Date: May 1999
Creator: Venezia, Vincent C.

Experimental Determination of the Scattering Cross-section of Ogives and Prolate Spheroids at Microwave Frequencies

Description: Because of the great difficulty of obtaining exact numerical values of cross-section, and because of the inherent uncertainties in interpreting and evaluating the approximate methods, accurate experimental cross-section data would be extremely useful to the radar engineer. It was with this purpose in mind that the present long-range research program in microwave scattering was undertaken. Of immediate interest were the scattering properties of the prolate spheroid, the ogive (formed by rotating the minor segment of a circle around the chord), and, for comparison, the long cylinder.
Date: 1956
Creator: Rhoads, Wayne C.

An Experimental Study of Collision Broadening of some Excited Rotational States of the Bending Vibration of Methyl Cyanide

Description: A double modulation microwave spectrometer is used to evaluate the linewidth parameters for some excited rotational components in the bending vibration v_8 of 13CH3 13C 15N and 13CH3C15N isotopomers of methyl cyanide. The linewidth parameters for self-broadening of the ΔJ=2←1 rotational components for the ground v_8 , 1v_8, and the 2v_8 vibrations were determined over a pressure range of 1 to 13 mtorr and at a temperature of 300 K. The double modulation technique is used to explore the high eighth derivative of the line shape profile of the spectral line. This technique proved to give good signal-to-noise ratios and enabled the recovery of weak signals. An experimental method is developed to correct for source modulation broadening. The tests of the ratios of the two inner peak's separation of the eighth derivative of the line showed that they were up to 95% similar to those for a Lorentzian line shape function. The line shapes were assumed to be Lorentzian for the theoretical analysis of the derivative profiles and comparisons were made between experiment and theory on this basis. Dipole moments for vibrationally excited states were calculated from linewidth parameters and show systematic decrease with the increase of excitation. Impact parameters were calculated using the "hard sphere" model of the kinetic theory of gases. The results were many times larger than the size of the molecule itself. This suggests that the dominant interaction is a long range dipole-dipole force interaction.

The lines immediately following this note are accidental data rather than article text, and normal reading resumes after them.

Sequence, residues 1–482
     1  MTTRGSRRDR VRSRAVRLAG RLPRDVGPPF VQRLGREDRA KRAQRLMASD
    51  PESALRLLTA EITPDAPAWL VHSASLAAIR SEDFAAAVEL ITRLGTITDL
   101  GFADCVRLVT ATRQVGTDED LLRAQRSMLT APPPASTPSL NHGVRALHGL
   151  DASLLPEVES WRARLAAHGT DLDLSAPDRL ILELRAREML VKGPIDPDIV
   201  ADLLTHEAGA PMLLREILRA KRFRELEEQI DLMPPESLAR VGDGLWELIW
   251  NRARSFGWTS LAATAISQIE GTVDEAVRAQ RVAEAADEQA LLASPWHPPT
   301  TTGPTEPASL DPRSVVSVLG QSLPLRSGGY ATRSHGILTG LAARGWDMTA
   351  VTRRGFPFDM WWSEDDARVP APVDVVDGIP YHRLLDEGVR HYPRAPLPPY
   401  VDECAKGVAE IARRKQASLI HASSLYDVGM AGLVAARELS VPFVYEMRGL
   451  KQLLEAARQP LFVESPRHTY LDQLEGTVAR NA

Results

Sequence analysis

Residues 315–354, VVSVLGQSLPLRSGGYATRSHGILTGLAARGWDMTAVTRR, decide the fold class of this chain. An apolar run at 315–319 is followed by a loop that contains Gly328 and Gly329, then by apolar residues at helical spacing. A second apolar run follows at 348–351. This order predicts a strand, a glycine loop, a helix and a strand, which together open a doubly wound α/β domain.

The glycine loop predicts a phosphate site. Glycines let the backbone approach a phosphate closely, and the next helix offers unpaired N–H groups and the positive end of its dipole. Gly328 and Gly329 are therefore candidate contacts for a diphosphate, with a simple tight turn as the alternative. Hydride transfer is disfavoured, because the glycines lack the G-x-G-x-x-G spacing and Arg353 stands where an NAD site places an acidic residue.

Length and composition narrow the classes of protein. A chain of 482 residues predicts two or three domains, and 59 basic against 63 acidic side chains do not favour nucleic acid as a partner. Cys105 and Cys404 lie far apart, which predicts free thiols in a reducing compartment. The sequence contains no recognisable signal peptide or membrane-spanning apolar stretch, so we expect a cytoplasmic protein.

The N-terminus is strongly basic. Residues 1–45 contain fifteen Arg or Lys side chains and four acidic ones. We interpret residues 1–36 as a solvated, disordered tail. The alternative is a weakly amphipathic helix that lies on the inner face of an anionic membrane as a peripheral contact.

Date: May 1993
Creator: Hajsaleh, Jamal Y. (Jamal Yousef)

Experimental Synchronization of Chaotic Attractors Using Control

Description: The focus of this thesis is to theoretically and experimentally investigate two new schemes of synchronizing chaotic attractors using chaotically operating diode resonators. The first method, called synchronization using control, is shown for the first time to experimentally synchronize dynamical systems. This method is an economical scheme which can be viably applied to low dimensional dynamical systems. The other, unidirectional coupling, is a straightforward means of synchronization which can be implemented in fast dynamical systems where timing is critical. Techniques developed in this work are of fundamental importance for future problems regarding high dimensional chaotic dynamical systems or arrays of mutually linked chaotically operating elements.